But that day, the woman’s desperation compelled her to send her a package of pills. The woman’s partner, who was reading her text messages and emails, reported Wydrzynska to police.
Wydrzynska is now standing trial and faces up to three years in prison. A verdict is expected in September.
Her team is part of a Europe-wide network called Abortion Without Borders that helps Polish women terminate pregnancies.
One challenge is to protect women from exploitation. “Abortion clinics are like petrol stations,” said Zuzanna Dziuban, a member of Ciocia Basia — or Auntie Barbara — a feminist collective in Germany. “The closer you get to the border, the more expensive they become.”
Like Going Back in Time
In a light-filled, sixth-floor clinic in a leafy corner of central Berlin, Dr. Sabine Müller, who has been a gynecologist for more than 25 years, reserves half of her abortion slots for Polish women every week.
“The demand has gone up,” Müller said, sitting in her consulting room one recent morning. “And the stories have gotten worse.”
“We have a lot of Polish women with cancer who are told, ‘No, we can’t give you cancer treatment because you’re pregnant and it could hurt the baby,’ ” Müller said.
Recently, a 39-year-old woman with metastasizing bronchial cancer came for an abortion after her Polish doctor had delayed her chemotherapy for six weeks.
“Cancer spreads extremely fast during pregnancy,” Müller said. “A six-week delay is almost a death sentence.”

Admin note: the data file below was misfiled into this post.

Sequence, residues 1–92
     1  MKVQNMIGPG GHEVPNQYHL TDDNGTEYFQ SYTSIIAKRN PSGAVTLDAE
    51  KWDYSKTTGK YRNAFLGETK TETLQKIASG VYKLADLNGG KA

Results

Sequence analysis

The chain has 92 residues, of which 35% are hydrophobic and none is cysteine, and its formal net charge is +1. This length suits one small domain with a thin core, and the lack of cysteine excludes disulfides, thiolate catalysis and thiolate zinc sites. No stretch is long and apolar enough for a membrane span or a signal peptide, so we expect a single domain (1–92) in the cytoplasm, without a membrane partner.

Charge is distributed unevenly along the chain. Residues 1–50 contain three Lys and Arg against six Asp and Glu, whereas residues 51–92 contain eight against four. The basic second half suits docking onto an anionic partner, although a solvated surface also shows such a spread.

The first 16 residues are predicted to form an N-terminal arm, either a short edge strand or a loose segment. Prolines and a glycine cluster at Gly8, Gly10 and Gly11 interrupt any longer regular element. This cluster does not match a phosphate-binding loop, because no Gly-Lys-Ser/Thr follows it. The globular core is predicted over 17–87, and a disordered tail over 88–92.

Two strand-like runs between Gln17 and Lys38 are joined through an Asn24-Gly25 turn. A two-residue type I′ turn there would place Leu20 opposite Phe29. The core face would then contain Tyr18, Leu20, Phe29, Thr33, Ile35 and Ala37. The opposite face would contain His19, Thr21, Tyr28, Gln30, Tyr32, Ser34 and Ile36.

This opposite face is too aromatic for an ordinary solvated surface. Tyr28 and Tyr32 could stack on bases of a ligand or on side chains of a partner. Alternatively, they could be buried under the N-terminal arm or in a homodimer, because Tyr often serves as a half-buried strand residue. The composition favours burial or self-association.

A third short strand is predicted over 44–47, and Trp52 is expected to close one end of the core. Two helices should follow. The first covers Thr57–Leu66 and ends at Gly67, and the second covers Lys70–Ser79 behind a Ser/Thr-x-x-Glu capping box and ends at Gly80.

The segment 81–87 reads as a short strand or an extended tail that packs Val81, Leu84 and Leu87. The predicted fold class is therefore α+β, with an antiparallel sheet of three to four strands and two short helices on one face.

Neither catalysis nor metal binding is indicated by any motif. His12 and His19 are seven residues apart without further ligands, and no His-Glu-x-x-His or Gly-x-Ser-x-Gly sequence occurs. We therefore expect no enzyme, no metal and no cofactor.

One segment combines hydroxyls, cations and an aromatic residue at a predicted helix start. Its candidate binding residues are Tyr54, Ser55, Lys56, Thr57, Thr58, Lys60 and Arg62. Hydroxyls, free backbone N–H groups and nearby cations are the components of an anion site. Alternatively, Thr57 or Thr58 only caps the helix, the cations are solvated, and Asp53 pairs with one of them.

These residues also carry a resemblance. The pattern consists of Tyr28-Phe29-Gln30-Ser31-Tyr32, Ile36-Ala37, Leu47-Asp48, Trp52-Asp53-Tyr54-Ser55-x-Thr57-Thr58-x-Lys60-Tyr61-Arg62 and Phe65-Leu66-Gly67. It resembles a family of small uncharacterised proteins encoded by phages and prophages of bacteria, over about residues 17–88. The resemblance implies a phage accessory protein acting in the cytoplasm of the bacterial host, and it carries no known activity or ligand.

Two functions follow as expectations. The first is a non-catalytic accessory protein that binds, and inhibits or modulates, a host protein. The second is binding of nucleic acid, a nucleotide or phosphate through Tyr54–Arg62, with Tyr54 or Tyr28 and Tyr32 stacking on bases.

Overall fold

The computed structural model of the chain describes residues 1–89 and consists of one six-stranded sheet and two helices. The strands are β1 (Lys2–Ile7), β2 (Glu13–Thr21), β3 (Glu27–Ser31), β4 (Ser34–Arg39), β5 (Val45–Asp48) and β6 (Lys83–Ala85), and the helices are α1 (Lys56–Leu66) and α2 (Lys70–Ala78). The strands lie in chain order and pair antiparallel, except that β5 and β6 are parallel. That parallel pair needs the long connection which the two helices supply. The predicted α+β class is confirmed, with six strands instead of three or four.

Since last year’s ban on abortions of fetuses with abnormalities, the demand for late-term abortions has surged, too.
About 80 Polish women a year used to visit Heemstede, an abortion clinic near Amsterdam that specializes in late-term abortions, which are allowed in the Netherlands until the 24th week. Last year, of 3,000 abortions performed there, 400 were provided to Polish women.
“We used to be a clinic for unwanted pregnancies,” said Femke van Straaten, the clinic’s manager. “The Polish women that come here now are a very different group.”
Many wanted to have a child and were heartbroken to discover well into their second trimesters that their fetuses had serious defects.
To comfort Polish patients, the clinic’s staff is learning Polish, and the clinic started cooperating with the local cemetery, which runs a memorial garden where, once a month, ashes of fetuses are scattered.
When Heemstede opened in 1971, the Dutch justice minister tried to shut it down, and women’s groups routinely clashed with riot police officers just outside its gates.
Now, anti-abortion protesters are showing up again.
“It’s like going 50 years back in time,” she said.